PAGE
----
10 Good Manners Every Kid Should Know
One of the most difficult things about parenting is how to teach kids good manners.
As adults, we are more used to following rules unquestioningly than we would like to admit. It’s because we have the logic worked out in our subconscious: ‘I will follow the dress code because it’s handy and sets the tone at the office’ or ‘I need to wash my hands because I don’t want to eat germs.’ We don’t say these out loud, but we know. And if we don’t, we do it out of social or economic ‘compulsion’. A child may not even spell that word right, forget about understanding it.
Kids are not bound by compulsion, they are bound by instinct and logic, as Mother Nature wanted it. Good manners, like good and healthy habits of kids, are grounded in logic. Once you explain why they are doing what they are doing, they turn good manners and good habits into instinctive action. This stays on for life. It’s a better gift than almost anything else you can give them.
Based on our experience of working with kids (and their parents) and advice from children’s education experts we coordinate with, we have tried to logically explain what are good manners for students and kids in general.
1. Hygiene is an ‘in thing’:
Tell them not to dig their nose or tickle their ears too often and in public, and wash their hands after they do so. Maintaining privacy on this is good manners because it’s simply the hygienic way. The same applies to covering their mouth and nose while coughing, sneezing, belching. If any of it happens in public, they need to say ‘excuse me’. Hygiene is important, it stops spreading disease, and all children hate being sick.
2. Grooming post COVID 19:
Till spring 2020, cleanliness was supposed to be step one of instilling what are good manners for students. But now it’s a necessity for even toddlers. Set them a daily rhythm: brush, wash, dress, comb, mask. Clean shoes, clean clothes and regular bathing are weapons to fight sickness. Being dirty is not good manners, it’s an offence to spread germs.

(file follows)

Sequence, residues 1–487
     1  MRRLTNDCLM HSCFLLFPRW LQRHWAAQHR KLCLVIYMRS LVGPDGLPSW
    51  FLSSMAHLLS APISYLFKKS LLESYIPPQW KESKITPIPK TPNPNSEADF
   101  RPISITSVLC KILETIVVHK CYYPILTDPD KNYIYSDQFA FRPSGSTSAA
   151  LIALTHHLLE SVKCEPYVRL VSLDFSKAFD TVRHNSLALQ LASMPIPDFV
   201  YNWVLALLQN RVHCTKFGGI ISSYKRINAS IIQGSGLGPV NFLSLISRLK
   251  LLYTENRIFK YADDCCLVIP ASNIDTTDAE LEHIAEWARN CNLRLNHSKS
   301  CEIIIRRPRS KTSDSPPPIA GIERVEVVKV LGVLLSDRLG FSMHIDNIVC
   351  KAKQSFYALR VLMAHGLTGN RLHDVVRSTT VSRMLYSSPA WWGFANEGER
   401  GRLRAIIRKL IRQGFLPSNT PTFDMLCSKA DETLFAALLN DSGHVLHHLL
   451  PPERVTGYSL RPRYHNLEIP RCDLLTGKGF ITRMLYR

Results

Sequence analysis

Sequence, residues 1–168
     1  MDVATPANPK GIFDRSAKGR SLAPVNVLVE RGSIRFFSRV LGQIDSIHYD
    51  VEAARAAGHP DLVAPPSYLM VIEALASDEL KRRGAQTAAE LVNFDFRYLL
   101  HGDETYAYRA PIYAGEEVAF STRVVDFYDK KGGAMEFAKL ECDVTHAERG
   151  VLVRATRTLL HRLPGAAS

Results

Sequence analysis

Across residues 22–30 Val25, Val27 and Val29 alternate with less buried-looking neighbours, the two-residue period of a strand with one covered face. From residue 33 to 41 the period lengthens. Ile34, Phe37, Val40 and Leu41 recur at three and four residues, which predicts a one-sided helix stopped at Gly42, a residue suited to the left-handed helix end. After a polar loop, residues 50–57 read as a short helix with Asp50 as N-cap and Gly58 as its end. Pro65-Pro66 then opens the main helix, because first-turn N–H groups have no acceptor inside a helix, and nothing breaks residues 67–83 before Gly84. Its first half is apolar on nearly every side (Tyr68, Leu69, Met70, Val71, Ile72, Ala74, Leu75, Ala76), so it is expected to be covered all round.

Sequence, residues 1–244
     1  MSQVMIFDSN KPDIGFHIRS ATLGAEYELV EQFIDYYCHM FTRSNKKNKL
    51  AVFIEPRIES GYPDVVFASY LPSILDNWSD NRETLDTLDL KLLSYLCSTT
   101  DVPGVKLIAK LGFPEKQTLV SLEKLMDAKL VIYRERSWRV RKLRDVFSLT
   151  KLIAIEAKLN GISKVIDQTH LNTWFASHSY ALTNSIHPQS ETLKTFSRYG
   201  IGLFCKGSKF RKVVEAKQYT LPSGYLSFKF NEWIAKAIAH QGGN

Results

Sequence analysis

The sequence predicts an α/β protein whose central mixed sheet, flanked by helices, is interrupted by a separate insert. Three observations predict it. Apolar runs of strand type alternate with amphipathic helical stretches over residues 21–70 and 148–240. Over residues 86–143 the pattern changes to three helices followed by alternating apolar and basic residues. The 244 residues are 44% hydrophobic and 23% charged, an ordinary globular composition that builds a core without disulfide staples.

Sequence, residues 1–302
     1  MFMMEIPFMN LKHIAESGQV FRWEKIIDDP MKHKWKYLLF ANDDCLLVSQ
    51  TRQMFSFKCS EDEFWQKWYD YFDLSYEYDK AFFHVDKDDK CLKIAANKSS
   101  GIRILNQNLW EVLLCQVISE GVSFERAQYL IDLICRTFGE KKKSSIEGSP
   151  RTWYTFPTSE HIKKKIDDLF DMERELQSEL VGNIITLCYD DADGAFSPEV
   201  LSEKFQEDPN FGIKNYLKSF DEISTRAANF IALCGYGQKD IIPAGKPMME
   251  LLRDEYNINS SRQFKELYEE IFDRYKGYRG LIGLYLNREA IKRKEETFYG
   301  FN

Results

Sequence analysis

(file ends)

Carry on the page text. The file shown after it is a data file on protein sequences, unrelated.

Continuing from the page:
3. Manners start at home:
Good manners for kids include being polite. It’s indirectly rude if they leave behind a messy bed, untidy desk, scattered toys and books or forget to shut the windows. Shirking these chores is like saying, “I don’t care who will clean my mess, but I’m not going to do it.” Say this out loud to them to make them realize how impolite and spoilt it sounds.
4. Work deserves respect:
Encourage children to wash their own clothes, wash dishes, lay out dinner, and take out garbage. No work is small. Respecting other’s efforts and good manners in kids come naturally when they understand the value of effort.
5. Not just thanks:
We all have memories of being taught to say thank you, welcome, and please in early childhood. No list of good manners for kids can exclude these. Go one step further, tell them why. And teach them the importance of polite refusals. Thanking someone for a gift or food or service is important to show appreciation. But refusing food from strangers is also important. Good manners in kids are not one sided, it includes saying both ‘yes’ and ‘no’.
6. Resources are valuable:
Wasting is bad manners. Be it food, water or electricity, resources are valuable. Not wasting food, closing the tap, switching off lights and fans is part of good manners for all kids if they are to grow up in a better world.
7. Learn to share:
Sharing excess resources is equally important. Encourage kids to give away used products and clothes to less privileged children. Instead of tossing a coin, they should give food to beggars. Learning to share is an essential part of the new age kids’ good manners list.
8. Unlock goodness :
Set rules for mobile manners. You can read our full article on reducing screen time to tackle this common parenting problem. Organising folders in a computer, not fiddling with locked mobiles, not snooping behind someone else while they are keying in: all of these are very important as kids’ good manners. Set TV watching and smart device usage rules, ensure obedience by setting an example yourself.
9.The beginning of PD :
The more ‘cool’ sounding concept of Personality Development (PD) starts with teaching what are good manners for students. No bickering with siblings and friends, no asking for extra favours, no backbiting. A well mannered kid knows the importance of respecting teachers and treating the house help well.
10. Live and let live:
Kindness, like politeness, is a difficult concept to teach. Start by encouraging kids to be kind to pets and strays alike, water potted plants but appreciate roadside trees too. If kids’ good manners include leaving a bowl of water for birds in summer or teaching younger street children – he or she won’t need an online course on empathy as a teen.
Each child is unique; at times, uniquely naughty. This piece will give you some methods to teach your kids good manners. But we want to hear your stories on teaching good manners to your little one. Write it, mail it, and win an exciting Kids Learning Game Pack from us.